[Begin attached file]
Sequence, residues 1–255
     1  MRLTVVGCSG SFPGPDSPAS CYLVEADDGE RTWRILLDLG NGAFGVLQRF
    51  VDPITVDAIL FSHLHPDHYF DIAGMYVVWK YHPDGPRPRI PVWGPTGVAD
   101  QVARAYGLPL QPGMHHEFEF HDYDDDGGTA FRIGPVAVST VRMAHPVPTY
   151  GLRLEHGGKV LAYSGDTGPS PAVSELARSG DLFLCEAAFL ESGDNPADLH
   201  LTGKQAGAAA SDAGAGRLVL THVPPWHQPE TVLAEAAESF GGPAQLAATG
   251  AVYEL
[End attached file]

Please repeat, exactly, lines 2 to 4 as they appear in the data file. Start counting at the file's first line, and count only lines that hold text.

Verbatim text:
     1  MRLTVVGCSG SFPGPDSPAS CYLVEADDGE RTWRILLDLG NGAFGVLQRF
    51  VDPITVDAIL FSHLHPDHYF DIAGMYVVWK YHPDGPRPRI PVWGPTGVAD
   101  QVARAYGLPL QPGMHHEFEF HDYDDDGGTA FRIGPVAVST VRMAHPVPTY